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Neutered cat spraying is a big problem for cat lovers. You may have neutered your cat with the expectation that it would stop him from spraying only to find that the behavior continues. It may take a month or so for your cat’s hormonal activity to calm down after neutering. But cat spraying is not always sexually related. So if the activity does not eventually stop, your cat may be marking due to other issues. Maybe urine marking has become a habit for your cat. Or your cat may be triggered from the scent of spots where he previously marked. Or, it could be that your cat is spraying because he is stressed.
Neutered cat spraying can be a difficult thing to deal with. While you find the behavior frustrating and offensive, your cat thinks it’s perfectly normal. Neutered cat spraying is often caused by stress. Spraying his scent onto a wall or piece of furniture helps to reassure the cat.
Why a Neutered Cat Sprays
Your neutered cat spraying may be caused by changes in your cat’s environment. Things, like moving to a new home or adding a new pet to the family, can be very disruptive and stressful to a cat – and spraying could be his reaction to this situation.
A neutered cat who sprays may also be marking his territory. This is especially true when there is an unspayed female or another male cat in the home that hasn’t been neutered. Your cat may even spray when he detects the presence of another cat outside your home.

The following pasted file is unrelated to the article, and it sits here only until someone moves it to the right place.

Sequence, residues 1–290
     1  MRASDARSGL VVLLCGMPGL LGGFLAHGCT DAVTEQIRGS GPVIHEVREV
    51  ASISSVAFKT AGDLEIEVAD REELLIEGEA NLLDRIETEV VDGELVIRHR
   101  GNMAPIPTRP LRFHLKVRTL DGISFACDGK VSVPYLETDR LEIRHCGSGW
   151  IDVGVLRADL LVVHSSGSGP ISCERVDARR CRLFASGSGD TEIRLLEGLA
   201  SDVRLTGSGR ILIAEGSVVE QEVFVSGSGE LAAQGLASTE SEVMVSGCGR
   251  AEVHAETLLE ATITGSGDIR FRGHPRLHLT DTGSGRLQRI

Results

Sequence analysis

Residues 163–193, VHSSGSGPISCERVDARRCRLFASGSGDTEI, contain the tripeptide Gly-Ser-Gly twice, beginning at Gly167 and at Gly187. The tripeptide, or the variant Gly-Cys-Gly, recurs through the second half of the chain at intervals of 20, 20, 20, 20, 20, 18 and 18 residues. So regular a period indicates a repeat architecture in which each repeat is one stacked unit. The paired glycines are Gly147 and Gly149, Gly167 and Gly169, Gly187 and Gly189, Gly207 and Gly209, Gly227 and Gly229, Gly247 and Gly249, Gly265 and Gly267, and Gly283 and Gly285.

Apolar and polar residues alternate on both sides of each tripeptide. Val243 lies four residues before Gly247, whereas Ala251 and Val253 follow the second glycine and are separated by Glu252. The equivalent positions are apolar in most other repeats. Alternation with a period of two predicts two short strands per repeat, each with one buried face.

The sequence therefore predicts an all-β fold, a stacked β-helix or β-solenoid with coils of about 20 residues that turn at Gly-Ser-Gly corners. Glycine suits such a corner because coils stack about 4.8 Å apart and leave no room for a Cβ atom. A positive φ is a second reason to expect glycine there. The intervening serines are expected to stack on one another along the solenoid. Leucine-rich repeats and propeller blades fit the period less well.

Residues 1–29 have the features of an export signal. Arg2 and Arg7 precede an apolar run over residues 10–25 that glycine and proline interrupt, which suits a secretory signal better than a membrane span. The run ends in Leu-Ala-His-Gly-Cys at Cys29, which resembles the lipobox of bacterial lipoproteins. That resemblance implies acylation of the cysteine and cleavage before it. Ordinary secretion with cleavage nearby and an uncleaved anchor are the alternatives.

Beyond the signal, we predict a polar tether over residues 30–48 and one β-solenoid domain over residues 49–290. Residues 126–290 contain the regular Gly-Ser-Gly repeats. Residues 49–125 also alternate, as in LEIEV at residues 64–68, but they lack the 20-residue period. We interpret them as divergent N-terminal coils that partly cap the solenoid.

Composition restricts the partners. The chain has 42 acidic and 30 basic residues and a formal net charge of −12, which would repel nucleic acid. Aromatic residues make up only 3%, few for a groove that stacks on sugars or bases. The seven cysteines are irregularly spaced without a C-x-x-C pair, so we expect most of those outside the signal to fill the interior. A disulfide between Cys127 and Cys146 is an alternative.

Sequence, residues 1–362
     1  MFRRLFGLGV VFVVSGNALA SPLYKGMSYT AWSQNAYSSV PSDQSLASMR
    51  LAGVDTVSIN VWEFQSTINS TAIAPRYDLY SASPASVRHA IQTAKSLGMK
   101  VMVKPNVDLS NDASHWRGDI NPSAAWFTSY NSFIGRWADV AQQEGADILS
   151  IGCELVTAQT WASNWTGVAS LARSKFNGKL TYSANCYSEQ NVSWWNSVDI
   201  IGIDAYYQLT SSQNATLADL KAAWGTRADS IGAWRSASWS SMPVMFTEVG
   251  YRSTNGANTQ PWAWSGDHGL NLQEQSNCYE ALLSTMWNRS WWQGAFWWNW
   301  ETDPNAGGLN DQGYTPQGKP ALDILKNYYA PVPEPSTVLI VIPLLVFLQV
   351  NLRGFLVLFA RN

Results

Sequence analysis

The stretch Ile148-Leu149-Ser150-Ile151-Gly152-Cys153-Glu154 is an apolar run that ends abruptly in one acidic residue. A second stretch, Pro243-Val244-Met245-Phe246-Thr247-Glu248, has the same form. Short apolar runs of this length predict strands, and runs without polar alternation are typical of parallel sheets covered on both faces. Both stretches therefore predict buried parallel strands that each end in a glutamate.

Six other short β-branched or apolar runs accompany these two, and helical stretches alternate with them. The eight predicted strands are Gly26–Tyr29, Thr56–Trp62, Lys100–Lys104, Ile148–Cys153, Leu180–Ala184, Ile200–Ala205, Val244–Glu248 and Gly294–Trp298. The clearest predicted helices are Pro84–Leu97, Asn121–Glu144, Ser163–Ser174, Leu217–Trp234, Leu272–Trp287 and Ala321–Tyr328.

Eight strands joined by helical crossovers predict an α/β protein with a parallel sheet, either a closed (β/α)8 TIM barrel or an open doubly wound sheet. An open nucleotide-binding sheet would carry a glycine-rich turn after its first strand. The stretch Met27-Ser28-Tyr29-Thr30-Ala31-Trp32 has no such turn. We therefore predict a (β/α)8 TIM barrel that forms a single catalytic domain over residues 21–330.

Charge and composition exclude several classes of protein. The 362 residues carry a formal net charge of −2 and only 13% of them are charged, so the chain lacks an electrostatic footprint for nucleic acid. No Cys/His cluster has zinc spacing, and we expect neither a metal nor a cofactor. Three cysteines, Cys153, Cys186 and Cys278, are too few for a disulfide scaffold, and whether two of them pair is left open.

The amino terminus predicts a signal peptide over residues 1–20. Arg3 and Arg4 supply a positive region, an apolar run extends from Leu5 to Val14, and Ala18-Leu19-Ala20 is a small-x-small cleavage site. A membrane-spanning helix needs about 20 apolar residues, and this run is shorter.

Cat spraying could also be a response to litter box issues. Your cat may be unhappy with the type of litter you are using or he may not like the location of his litter box. Or, he could be reacting to litter box odors that you can’t even smell. So clean your cat’s litter box once or twice a day. Wash out the litter box and replace the litter once a week. Also, make sure that you have enough litter boxes in your home. You need one litter box per cat, plus one. Make sure that the litter box is located in a private, low-traffic area.
If your cat has marked in an area before, the scent of that previous marking may be triggering an urge to remark the territory. That’s why it’s so important to remove all traces of odor from the area. To locate all the areas where your cat has sprayed, use a black light. The urine will become fluorescent under the black light, indicating the areas where you need to clean. Household soap and cleaners will not be enough to get rid of these powerful urine smells. Visit a pet supply store and purchase a cleaning product that is specially formulated to remove cat urine.
Your neutered cat may be spraying because he is stressed. To learn more about the causes of stress in cats and what you can do to help, go to 14 Things That Stress Cats Out!
Correcting Neutered Cat Spraying
Correcting cat spraying takes time, so be patient. Try to increase playtime with your cat, reduce stress and enrich your cat’s environment. In multi-cat households, provide high perches and cat trees to increase vertical space. Never punish your cat for spraying because that will only cause more stress and it could lead to even more spraying.
See your veterinarian and make sure that your cat’s spraying is not related to a health issue. Neutered male cats are prone to bladder and urinary tract problems. That’s because the male cat has a longer, slimmer urethra than a female cat. Neutering a male cat can narrow the urethra, even more, making blockages more likely. If your veterinarian rules out a medical cause for your cat’s spraying, ask for suggestions on how to better deal with the behavior. Your cat may need to be on an anti-anxiety medication.
To learn more about cat spraying, go to Cat Spraying: What Is It and How Do You Make It Stop?